• But the company failed to find enough takers, and it all but shut down after a brief run.
British Dictionary definitions for shut down

shutdown

/ˈʃʌtˌdaʊn/
noun
1.
  1. the closing of a factory, shop, etc
  2. (as modifier): shutdown costs
verb (adverb)
2.
to cease or cause to cease operation
3.
(transitive) to close by lowering
4.
(transitive) (of fog) to descend and envelop
5.
(intransitive; foll by on or upon) (informal) to put a stop to; clamp down on
6.
(transitive) to reduce the power level of (a nuclear reactor) to the lowest possible value

shut

/ʃʌt/
verb shuts, shutting, shut
1.
to move (something) so as to cover an aperture; close: to shut a door
2.
to close (something) by bringing together the parts: to shut a book
3.
(transitive) often foll by up. to close or lock the doors of: to shut up a house
4.
(transitive; foll by in, out, etc) to confine, enclose, or exclude: to shut a child in a room
5.
(transitive) to prevent (a business, etc) from operating
6.
shut one's eyes to, to ignore deliberately
7.
shut the door on
  1. to refuse to think about
  2. to render impossible
adjective
8.
closed or fastened
noun
9.
the act or time of shutting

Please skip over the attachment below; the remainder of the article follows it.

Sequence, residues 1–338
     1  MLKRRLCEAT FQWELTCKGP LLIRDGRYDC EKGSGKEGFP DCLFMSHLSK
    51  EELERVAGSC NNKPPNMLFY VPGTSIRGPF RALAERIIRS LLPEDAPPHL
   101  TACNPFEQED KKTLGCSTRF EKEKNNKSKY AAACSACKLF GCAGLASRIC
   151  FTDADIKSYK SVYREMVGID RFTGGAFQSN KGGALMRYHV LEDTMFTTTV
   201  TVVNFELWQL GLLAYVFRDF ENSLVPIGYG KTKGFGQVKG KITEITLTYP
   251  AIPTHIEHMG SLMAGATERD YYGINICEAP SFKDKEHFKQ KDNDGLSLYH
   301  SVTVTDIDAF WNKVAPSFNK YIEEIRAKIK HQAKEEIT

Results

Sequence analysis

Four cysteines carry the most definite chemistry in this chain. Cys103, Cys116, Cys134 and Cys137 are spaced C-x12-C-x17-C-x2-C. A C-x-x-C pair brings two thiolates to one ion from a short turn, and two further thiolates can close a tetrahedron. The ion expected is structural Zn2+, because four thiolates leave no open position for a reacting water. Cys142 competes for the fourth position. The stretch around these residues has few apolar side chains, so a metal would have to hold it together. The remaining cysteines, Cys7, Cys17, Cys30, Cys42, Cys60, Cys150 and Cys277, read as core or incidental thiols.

10.
the line along which pieces of metal are welded
11.
(slang) get shut of, get shot of, to get rid of
Word Origin
Old English scyttan; related to Old Frisian sketta to shut in, Middle Dutch schutten to obstruct
Collins English Dictionary - Complete & Unabridged 2012 Digital Edition
© William Collins Sons & Co. Ltd. 1979, 1986 © HarperCollins
Publishers 1998, 2000, 2003, 2005, 2006, 2007, 2009, 2012
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Word Origin and History for shut down

shut

v.

Old English scyttan "to put (a bolt) in place so as to fasten a door or gate, bolt, shut to; discharge, pay off," from West Germanic *skutjan (cf. Old Frisian schetta, Middle Dutch schutten "to shut, shut up, obstruct"), from PIE *skeud- "to shoot, chase, throw" (see shoot (v.)). Related: Shutting.

Meaning "to close by folding or bringing together" is from mid-14c. Meaning "prevent ingress and egress" is from mid-14c. Sense of "to set (someone) free (from)" (c.1500) is obsolete except in dialectal phrases such as to get shut of. To shut (one's) mouth "desist from speaking" is recorded from mid-14c.

Online Etymology Dictionary, © 2010 Douglas Harper
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Slang definitions & phrases for shut down

shuck

modifier

Deceptive; fake: All he has to sell is a shuck and jive caricature of Blackness

noun

A theft or fraud; ripoff: Linear thinking was a total shuck (1950s+ Black)

verb
  1. To undress; strip oneself (1848+)
  2. (also shuck and jive) To joke; tease; fool around:

The Dictionary of American Slang, Fourth Edition by Barbara Ann Kipfer, PhD. and Robert L. Chapman, Ph.D.
Copyright (C) 2007 by HarperCollins Publishers.
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Idioms and Phrases with shut down

shut down

.
See close down , def. 1.
.
Stop or switch off machinery, as in They shut down all the machines for one week a year. [ Late 1800s ]
The American Heritage® Idioms Dictionary
Copyright © 2002, 2001, 1995 by Houghton Mifflin Company. Published by Houghton Mifflin Company.